Not Nick Clegg, apparently.
Achieving income inequality is the goal of 'old fashioned progressives'. 'New' progressives, on the other hand, 'focus on the power and freedom of citizens'. Which obviously has nothing to do with income inequality.
Clegg wants to redefine himself as a proponent of equality of opportunity rather than of income. This is a game try, but I'm not sure it's going to get him very far. The harsh fact is that equality of opportunity is impossible when you have high levels of income inequality. Opportunities accrue to the rich, and they accrue more sharply when the rich are more advantaged compared to the rest.
After all, look at the three party leaders: each in their own way the product of a highly privileged background, both economically and educationally. John Prescott, who pulled himself up by his bootstraps at Ruskin College, was vilified for his Northern accent and mangled grammar throughout his time in mainstream politics.
Of course, this British tradition of class warfare is not Nick Clegg's fault. But how can the huge advantages of the rich over the poor be reduced if we can't even contemplate maintaining a 50% tax rate for incomes over £150,000, a Labour policy dismissed by the LibDem leader as 'political posturing'?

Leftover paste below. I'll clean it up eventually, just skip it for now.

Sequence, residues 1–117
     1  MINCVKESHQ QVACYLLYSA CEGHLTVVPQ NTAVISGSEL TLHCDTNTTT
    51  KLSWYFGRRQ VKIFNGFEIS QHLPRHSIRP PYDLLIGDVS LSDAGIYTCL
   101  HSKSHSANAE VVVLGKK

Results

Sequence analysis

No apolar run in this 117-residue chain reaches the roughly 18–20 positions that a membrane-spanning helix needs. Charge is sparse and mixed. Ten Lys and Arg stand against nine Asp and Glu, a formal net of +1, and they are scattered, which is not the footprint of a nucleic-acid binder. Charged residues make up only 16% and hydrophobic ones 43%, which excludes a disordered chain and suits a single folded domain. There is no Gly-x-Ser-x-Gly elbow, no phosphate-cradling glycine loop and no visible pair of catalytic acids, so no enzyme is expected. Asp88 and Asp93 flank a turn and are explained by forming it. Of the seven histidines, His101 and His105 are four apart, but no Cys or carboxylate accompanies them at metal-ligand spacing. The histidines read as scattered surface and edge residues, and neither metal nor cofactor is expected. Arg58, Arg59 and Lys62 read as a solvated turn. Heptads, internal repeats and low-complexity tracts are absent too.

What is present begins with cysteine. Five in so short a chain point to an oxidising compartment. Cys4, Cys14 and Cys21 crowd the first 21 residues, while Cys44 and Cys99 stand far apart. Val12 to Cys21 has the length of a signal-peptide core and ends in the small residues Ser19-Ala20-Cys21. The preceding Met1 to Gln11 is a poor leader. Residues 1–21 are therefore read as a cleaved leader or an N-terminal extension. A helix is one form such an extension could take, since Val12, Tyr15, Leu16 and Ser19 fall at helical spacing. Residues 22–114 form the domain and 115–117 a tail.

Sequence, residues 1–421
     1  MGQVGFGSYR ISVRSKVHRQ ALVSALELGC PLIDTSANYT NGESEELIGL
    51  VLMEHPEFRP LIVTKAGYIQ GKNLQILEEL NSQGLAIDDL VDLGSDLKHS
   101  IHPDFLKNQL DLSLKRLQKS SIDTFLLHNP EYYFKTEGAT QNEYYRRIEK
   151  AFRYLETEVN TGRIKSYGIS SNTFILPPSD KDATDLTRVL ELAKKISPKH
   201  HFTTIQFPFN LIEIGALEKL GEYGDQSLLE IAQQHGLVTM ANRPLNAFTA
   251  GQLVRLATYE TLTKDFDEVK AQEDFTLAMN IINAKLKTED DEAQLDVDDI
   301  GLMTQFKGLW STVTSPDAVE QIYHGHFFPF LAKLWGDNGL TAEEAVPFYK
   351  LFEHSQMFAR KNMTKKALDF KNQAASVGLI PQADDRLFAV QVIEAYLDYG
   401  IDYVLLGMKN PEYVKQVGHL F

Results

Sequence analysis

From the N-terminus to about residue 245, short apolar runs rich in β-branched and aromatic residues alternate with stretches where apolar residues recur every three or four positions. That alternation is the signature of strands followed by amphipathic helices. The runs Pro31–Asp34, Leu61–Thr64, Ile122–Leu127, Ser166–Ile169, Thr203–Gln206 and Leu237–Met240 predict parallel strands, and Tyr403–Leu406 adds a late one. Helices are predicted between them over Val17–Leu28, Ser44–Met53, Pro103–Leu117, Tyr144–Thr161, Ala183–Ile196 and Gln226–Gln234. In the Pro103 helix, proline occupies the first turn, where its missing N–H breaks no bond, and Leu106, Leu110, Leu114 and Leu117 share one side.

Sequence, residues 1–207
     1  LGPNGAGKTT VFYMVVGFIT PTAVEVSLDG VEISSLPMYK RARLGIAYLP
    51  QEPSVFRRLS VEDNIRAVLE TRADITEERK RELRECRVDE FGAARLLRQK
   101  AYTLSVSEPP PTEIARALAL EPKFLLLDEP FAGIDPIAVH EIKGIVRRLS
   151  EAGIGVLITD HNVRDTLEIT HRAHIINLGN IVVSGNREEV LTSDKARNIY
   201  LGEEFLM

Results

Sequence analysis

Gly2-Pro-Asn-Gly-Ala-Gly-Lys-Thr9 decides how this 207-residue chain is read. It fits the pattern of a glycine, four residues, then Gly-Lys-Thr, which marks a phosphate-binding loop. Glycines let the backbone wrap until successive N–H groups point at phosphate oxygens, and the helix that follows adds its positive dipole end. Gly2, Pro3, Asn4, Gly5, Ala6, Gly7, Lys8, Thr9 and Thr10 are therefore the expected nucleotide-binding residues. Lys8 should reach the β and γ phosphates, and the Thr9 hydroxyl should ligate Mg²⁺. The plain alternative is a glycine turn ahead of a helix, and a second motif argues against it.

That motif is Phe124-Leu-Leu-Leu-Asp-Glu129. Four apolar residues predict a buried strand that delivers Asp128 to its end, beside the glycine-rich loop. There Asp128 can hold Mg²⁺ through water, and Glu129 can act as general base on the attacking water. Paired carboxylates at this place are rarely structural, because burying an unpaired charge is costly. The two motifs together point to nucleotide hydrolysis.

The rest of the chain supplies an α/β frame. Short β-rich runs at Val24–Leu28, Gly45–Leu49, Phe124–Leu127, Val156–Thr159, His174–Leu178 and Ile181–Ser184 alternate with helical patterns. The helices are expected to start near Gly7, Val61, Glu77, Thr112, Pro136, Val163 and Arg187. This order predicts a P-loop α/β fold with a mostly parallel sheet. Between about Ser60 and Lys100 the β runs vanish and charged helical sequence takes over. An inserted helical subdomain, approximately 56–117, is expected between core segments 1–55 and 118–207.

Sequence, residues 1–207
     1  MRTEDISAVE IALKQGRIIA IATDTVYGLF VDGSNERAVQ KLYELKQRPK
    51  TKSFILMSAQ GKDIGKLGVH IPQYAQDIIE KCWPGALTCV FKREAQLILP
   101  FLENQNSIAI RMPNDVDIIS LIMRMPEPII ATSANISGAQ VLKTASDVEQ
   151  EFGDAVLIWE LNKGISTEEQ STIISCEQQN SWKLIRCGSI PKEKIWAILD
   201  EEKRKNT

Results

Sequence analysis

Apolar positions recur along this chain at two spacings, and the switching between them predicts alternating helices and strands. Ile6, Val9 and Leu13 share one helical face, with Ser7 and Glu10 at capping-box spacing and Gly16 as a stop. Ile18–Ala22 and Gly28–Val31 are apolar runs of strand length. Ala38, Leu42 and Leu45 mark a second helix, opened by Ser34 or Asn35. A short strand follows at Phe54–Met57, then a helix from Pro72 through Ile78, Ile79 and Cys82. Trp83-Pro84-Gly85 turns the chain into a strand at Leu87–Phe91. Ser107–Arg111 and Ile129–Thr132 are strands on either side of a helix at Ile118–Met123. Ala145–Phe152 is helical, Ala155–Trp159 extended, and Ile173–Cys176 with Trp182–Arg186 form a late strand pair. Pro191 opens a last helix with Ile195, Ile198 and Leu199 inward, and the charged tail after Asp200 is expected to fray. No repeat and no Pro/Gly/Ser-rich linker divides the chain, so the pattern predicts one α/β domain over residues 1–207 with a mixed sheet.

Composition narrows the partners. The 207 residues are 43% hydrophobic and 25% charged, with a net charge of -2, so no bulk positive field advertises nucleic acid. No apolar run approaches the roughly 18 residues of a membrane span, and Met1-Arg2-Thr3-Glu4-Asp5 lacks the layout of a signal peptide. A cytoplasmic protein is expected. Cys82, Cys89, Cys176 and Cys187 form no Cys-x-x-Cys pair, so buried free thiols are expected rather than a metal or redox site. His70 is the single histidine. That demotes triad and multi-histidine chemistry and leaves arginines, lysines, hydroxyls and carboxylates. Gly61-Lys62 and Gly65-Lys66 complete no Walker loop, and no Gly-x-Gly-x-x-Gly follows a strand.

What is Nick Clegg's fault is signing up to the tuition fees capitulation, which saves the state very little (not much more than has been raised by the much derided 50% tax rate) and will almost certainly terrify many young people from low income families into giving up on higher education. Quite how he sells the coalition as a vehicle for social mobility with that particularly calling card is a fascinating question.